COOPER CITY (CBS4) — At just ten-years old, Harris Ness from Cooper City created a business plan to help keep his family’s memories alive. It’s a lemonade stand where with every cup he fills up, he shares a family story.
“Our grandfather passed away and he was a survivor of the Holocaust, so I wanted to give fifty percent of the money to the Holocaust Museum” the enthusiastic 5th grader explained to CBS4’s Nicole Maristany while preparing his lemonade.READ MORE: Plan To Build More Skyscrapers In Downtown Miami Draws Concern
Harris’ great aunt, Lena Russo, is also Holocaust survivor. She agrees with her young nephew and wants to be sure the stories of survivors are continued to be told.
“I can’t forget the things I lost but I have to, I have to go on,” Lena tearfully explained.
She goes on for the loved ones lost and those who remain.
Lena shared her pride for her nephew’s charitable spirit and hope for the future, saying, “I’m glad people like my children, like Harris, [are] working to helping the Holocaust Museum, that they should not be forgotten. Never, never, to not only [the] Jewish but all kinds of nations and kinds of people.”
Lena was one of forty five family members from her tiny Greek town taken to concentration camps by the Nazis.
“We heard about the war, but we never believed that they would come up there and take us, and they did,” said Lena.
She boarded a train and began her long journey to Auschwitz and to the unknown.READ MORE: Florida Senator Lauren Book Fighting Back Over Nude Images Stolen From Her
“They shaved our hair, took all our clothes, we were naked like when you are born. I said to myself, why are they doing this to us? What did we do wrong? Just because we were born Jewish?”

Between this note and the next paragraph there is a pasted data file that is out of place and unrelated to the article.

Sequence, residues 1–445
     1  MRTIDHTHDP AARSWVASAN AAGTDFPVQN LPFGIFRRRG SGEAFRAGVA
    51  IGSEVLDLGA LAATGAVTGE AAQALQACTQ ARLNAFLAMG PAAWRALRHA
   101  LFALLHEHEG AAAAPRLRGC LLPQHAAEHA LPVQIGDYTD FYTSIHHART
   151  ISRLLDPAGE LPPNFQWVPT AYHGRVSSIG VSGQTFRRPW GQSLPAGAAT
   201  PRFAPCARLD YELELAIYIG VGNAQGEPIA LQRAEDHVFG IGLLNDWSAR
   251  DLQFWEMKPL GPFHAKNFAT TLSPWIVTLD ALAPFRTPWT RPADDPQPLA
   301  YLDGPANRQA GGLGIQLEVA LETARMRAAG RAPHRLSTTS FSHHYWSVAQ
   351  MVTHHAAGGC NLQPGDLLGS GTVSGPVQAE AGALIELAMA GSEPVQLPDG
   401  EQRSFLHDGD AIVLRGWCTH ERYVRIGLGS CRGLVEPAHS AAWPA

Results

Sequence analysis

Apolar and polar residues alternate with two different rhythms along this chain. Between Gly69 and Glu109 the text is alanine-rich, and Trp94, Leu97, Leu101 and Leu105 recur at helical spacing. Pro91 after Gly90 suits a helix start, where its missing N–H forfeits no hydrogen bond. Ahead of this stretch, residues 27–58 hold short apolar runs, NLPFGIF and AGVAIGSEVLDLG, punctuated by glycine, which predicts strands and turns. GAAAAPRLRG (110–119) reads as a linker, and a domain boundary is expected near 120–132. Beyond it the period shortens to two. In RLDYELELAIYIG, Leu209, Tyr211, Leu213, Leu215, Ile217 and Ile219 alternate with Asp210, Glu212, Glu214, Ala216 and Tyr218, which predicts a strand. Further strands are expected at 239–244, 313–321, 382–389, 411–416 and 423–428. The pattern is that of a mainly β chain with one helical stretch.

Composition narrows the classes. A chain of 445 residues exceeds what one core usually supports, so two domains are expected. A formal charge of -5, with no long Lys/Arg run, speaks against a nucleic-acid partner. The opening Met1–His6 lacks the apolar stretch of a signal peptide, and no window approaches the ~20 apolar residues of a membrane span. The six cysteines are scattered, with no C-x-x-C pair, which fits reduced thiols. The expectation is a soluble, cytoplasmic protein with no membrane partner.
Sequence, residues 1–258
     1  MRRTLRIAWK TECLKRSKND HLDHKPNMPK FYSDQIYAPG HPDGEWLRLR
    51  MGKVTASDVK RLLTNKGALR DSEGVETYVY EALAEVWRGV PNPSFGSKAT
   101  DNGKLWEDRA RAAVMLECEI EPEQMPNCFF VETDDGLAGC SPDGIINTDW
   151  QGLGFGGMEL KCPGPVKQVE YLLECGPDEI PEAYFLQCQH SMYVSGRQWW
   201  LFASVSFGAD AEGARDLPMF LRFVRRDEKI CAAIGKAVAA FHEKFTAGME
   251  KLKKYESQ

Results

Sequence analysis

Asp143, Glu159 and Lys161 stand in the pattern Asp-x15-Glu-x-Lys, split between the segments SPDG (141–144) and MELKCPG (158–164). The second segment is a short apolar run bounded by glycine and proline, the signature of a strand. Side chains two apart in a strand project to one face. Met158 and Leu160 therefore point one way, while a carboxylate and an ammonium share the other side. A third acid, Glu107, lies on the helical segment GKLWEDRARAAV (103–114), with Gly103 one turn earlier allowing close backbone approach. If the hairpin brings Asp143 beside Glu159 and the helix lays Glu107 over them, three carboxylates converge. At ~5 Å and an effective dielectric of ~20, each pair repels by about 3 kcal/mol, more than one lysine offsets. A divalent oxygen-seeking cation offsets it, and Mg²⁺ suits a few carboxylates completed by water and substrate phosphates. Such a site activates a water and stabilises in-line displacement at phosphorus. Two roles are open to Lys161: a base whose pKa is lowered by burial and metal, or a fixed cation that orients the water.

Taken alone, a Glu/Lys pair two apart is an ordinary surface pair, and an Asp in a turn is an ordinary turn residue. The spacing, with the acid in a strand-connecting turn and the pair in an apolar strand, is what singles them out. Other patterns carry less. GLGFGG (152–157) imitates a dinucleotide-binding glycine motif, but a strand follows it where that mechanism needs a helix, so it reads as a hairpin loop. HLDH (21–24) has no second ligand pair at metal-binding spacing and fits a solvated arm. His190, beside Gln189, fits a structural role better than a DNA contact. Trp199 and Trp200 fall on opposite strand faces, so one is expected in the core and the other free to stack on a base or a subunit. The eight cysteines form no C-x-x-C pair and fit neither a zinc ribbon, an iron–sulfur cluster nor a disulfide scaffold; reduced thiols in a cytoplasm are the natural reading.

Separated from her family, working long days and sleeping in a barrack with dozens of other young women, Lena said there is not much that separates her fate from those left to perish and credits her voice as what carried her through to liberation.
Lena often sang songs to lift her spirits and to lift the spirits of those around her. Her singing echoed throughout the camp and reached the ear’s of a Polish prisoner of war who made a promise that would keep her alive.
“If you sing one song to us every day we will take care of you, that’s how I survived, by singing,” Lena explained.
For nine years after the war, Lena searched for family in hopes that others had survived but only one did, her brother, Harris’ grandfather.
Today, she takes every opportunity to share her stories, stories that her nephew Harris is proud to share too.
“I think it’s an amazing story to share, two members of my family survived the Holocaust and stayed alive for many years after,” Harris said proudly.
To make a donation through the lemonade stand to the Holocaust Museum and Tolerance Center in honor of Harris Ness, Lena Russo and Ben Elias; Harris’ grandfather, here’s the information:MORE NEWS: Caught On Camera: Florida Undercover Detective Threatened With Gun During Sting Operation
The Holocaust Museum and Tolerance Center
(In Honor of Harris Ness, In Memory of Ben Elias)
100 Crescent Beach Road
Glen Cove, NY 11542